There is full black and full white. Between those two values, different shades of white are the greyscale. We normally express these as the % of white: e.g. 10%, 20%, etc
Greyscale is important as an incorrectly calibrated greyscale will introduce a colour tint to whites, but will also make it a lot harder to calibrate the the rest of the colours as the gamut and greyscale values do interact (more on gamut and CMS calibration in a follow-up article).
The correct shade of white at each % of the greyscale is expressed as the % of the primary colours: blue, green and red.
Greyscale is also called White Balance as each of the greyscale steps must be balanced to produce the correct shade of white.
How is Greyscale Calibrated?
Most displays will normally have a two-point greyscale control: one set to control the top of the range near white and one set to control the bottom of the range near black. The top controls are normally called Gains and the bottom controls are normally called Offset. However, there can be other names for them dependent on the manufacturer (see below table).
As the gain controls are touched, the greyscale changes the most at the top end but it also affects the rest of the scale. See below for an example with the green gain control increased. Please note the below diagram is theoretical and each display will behave a bit differently.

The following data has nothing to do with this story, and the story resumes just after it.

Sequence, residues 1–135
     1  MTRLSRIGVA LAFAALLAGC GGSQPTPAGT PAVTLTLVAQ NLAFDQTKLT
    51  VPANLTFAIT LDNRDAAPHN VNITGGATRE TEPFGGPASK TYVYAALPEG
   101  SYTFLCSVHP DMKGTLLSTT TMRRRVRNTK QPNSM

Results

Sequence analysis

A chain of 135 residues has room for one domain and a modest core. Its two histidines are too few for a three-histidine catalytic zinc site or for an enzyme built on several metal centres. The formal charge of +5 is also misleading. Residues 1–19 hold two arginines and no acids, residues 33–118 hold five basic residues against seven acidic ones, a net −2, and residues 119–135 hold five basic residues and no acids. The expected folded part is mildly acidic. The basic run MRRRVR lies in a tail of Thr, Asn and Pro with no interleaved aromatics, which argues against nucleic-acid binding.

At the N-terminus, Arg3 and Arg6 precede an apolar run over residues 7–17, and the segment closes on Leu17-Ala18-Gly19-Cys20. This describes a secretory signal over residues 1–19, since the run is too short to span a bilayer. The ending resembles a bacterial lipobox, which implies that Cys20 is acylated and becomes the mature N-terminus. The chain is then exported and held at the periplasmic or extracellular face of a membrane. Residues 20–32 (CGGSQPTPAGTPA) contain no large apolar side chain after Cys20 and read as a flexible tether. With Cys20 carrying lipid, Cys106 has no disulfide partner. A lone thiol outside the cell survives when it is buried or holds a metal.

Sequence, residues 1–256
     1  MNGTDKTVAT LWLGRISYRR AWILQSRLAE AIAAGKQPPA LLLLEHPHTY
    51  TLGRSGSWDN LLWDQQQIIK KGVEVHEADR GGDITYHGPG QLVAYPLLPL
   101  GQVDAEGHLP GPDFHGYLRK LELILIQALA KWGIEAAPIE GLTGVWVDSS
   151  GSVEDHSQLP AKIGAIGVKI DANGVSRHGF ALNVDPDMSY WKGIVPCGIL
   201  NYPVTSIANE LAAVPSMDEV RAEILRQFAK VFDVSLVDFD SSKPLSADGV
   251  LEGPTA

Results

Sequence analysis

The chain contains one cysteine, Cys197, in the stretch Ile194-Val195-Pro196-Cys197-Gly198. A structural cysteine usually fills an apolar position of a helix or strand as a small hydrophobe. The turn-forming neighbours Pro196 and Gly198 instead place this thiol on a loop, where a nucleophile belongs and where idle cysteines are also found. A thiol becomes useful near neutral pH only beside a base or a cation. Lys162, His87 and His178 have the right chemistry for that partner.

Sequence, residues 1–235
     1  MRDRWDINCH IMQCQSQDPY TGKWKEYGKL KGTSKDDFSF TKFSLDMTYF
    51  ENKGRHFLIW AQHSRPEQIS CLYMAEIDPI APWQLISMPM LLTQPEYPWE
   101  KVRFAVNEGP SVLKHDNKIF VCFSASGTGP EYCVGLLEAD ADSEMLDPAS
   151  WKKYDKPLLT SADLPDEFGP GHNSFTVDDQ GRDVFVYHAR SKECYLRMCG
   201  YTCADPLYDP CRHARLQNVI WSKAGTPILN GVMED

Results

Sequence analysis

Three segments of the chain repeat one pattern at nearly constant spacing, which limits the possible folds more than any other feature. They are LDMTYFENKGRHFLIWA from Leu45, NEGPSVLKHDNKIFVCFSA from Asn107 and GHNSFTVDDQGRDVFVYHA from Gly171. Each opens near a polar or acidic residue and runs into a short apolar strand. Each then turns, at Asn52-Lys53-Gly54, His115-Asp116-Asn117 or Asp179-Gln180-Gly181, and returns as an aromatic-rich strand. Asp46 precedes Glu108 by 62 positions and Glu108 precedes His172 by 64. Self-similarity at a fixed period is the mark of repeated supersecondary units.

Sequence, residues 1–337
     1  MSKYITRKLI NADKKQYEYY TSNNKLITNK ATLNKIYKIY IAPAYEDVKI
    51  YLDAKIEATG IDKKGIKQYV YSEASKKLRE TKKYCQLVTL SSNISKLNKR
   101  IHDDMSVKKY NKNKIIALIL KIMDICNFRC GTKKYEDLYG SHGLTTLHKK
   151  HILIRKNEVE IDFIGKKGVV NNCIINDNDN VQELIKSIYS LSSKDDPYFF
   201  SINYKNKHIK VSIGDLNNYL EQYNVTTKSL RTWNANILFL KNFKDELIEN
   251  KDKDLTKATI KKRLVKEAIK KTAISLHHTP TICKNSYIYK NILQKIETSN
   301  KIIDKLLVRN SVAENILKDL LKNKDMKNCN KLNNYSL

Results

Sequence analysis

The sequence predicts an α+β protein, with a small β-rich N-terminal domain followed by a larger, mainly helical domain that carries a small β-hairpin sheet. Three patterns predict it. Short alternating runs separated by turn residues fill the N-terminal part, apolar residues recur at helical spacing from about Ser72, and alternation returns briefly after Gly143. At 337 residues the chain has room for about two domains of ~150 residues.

The opposite happens when we touch the offset controls.
We try and balance the offset and gain controls until the full greyscale is brought into balance at each % white point.
Some displays will have multi-point greyscale instead or in addition to the two-point one. Multi-point greyscale will control different points on the % scale for white. For example, a 10- point greyscale divides up the brightness range into 10 points from full black to full white.
How bright each of the steps are is controlled by the display’s EOTF (e.g. gamma) which is for a follow-up article. For now, what you need to be concerned with is the balance of colours at each step. Please see below for a theoretical example that demonstrates multi-point greyscale controls.
Which Procedure to Choose?
Multi-point greyscale controls are normally finer than two-point greyscale controls so they don’t normally have as much range. This is why you may need to use two-point controls before balancing multi-point greyscale.
However, there is an inherent issue with using offset controls that affects near-black gamma so should be avoided when possible. Thankfully, it is possible to simply use the gain controls then multi-point greyscale to balance greyscale normally, as long as the display is linear.
All these issues are covered in detail in The Display Calibration Guide including the following procedure decision tree and related procedures for both SDR and HDR including some advanced strategies and detailed HCFR steps.